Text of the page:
Conflicts of Interest in Sell-Side Research and the Moderating Role of Institutional Investors
51 Pages Posted: 17 Jan 2005
Date Written: September 12, 2005
Sell-side analysts face pressure to provide favorable opinions on their employers' investment banking clients and to boost brokerage business, yet institutional investors value unbiased research. Because of their dependence on institutional investors for performance ratings and trading commissions, we argue that analysts are less likely to succumb to pressure in stocks that are highly visible to their institutional investor constituency. Given the apparent severity of analyst conflicts of interest in the late 1990s, we examine a comprehensive sample of analyst recommendations over the 1994-2000 period. We find that analysts' recommendations relative to consensus are positively associated with investment banking relationships and brokerage pressure, but negatively associated with the presence of institutional investors in the firm being followed. This is especially true when there are more institutions holding larger blocks in the firm, and for firms whose institutional holdings are concentrated in the hands of the largest institutional investors. The presence of institutional investors is also associated with more accurate earnings forecasts and more timely re-ratings following severe share price falls.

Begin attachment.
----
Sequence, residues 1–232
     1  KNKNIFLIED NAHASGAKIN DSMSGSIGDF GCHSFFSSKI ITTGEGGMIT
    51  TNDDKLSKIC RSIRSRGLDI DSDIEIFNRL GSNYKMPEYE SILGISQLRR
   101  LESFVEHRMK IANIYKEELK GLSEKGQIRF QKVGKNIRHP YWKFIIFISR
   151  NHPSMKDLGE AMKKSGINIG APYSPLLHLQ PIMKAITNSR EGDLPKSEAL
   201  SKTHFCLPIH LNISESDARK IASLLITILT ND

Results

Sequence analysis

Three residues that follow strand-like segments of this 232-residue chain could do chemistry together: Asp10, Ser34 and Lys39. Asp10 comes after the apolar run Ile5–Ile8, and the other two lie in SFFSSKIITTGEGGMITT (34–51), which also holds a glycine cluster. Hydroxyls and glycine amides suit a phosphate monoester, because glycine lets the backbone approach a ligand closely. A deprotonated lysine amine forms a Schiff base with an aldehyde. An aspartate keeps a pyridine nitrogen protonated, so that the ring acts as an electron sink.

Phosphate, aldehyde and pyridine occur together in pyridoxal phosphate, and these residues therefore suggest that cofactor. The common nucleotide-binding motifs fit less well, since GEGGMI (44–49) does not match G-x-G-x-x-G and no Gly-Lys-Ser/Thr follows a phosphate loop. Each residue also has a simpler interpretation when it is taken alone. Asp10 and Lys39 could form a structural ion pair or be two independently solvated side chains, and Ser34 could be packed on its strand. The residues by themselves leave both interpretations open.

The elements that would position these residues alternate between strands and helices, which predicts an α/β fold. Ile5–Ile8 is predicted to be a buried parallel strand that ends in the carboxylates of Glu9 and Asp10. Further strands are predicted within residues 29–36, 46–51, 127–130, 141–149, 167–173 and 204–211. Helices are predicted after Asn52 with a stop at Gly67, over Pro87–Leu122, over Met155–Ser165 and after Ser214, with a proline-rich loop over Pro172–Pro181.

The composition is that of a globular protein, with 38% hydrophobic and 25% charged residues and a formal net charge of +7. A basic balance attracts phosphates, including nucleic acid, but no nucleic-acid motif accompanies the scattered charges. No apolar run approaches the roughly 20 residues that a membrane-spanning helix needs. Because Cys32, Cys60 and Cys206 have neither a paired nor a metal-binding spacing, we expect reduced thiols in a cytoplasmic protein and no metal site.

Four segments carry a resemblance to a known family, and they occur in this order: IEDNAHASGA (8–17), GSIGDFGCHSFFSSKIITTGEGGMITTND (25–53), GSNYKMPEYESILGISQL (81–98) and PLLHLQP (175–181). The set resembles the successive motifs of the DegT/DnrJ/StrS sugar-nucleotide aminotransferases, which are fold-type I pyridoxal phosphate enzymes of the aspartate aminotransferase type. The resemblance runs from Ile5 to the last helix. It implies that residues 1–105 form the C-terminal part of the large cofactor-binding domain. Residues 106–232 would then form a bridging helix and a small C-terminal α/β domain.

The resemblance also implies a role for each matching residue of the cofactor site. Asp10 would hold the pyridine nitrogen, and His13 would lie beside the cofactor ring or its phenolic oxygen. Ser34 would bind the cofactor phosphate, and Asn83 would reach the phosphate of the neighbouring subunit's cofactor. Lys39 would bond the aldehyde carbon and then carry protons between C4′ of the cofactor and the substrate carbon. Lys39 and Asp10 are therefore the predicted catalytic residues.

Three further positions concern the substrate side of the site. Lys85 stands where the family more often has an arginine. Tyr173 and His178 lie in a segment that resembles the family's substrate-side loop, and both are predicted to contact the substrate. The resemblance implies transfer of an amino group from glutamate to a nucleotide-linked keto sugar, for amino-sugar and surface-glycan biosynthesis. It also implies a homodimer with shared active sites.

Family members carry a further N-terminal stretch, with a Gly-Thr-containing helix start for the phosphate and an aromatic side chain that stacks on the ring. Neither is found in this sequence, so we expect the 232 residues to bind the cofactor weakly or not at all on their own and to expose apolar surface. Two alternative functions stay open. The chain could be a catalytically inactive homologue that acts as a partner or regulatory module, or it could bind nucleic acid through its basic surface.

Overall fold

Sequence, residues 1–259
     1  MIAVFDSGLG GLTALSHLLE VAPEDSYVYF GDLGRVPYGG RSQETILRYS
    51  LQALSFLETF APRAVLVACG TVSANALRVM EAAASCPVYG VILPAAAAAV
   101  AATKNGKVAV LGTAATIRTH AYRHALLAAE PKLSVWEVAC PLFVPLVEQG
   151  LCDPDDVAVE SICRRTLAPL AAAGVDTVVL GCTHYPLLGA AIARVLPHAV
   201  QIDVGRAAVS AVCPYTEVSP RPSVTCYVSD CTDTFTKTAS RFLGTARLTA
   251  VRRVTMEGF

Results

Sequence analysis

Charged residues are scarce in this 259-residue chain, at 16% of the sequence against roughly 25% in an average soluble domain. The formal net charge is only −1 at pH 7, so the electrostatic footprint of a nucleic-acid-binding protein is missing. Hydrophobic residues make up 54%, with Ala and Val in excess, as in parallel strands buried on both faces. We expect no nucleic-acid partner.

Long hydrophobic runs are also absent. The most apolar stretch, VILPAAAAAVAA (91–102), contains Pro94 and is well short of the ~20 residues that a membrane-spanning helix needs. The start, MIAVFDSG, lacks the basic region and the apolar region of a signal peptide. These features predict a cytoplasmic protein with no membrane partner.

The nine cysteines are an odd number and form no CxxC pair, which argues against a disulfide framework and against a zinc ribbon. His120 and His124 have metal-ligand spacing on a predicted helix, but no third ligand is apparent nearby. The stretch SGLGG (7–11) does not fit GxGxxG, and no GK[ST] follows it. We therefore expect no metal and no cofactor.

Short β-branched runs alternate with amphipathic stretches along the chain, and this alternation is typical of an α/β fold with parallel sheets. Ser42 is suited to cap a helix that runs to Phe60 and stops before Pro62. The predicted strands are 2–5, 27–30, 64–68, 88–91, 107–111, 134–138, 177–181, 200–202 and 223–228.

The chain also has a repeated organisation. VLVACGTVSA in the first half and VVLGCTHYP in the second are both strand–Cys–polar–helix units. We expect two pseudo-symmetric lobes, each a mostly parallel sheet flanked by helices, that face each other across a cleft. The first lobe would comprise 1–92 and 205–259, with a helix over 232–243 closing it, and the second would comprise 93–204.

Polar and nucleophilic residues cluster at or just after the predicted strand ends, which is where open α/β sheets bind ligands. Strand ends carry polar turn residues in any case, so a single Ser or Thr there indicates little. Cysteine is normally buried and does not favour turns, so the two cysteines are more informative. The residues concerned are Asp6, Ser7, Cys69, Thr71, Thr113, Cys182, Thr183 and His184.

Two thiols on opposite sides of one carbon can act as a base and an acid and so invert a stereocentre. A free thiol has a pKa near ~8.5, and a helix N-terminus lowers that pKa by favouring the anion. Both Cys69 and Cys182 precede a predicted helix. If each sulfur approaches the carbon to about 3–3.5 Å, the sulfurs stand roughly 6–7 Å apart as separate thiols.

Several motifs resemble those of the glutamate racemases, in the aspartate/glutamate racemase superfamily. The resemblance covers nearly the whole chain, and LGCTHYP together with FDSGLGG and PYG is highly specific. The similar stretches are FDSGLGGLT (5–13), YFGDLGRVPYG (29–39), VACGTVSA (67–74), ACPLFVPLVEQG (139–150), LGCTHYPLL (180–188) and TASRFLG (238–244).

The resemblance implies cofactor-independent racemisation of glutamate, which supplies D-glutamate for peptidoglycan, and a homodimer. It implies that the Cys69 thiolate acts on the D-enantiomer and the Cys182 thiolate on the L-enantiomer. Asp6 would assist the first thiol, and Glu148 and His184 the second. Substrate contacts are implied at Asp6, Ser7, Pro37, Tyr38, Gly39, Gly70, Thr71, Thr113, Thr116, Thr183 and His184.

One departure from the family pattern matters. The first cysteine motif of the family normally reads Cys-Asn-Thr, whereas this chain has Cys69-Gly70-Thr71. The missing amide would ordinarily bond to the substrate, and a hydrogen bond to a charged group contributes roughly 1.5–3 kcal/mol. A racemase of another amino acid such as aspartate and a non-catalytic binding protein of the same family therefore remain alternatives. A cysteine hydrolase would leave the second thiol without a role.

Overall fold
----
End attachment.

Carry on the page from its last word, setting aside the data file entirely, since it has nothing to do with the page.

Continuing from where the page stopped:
Keywords: Analyst recommendations, Analyst forecast accuracy, Investment banking, Conflicts of Interest, Institutional investors, Banking Relationships
JEL Classification: G20, G21, G23, G24
Suggested Citation: Suggested Citation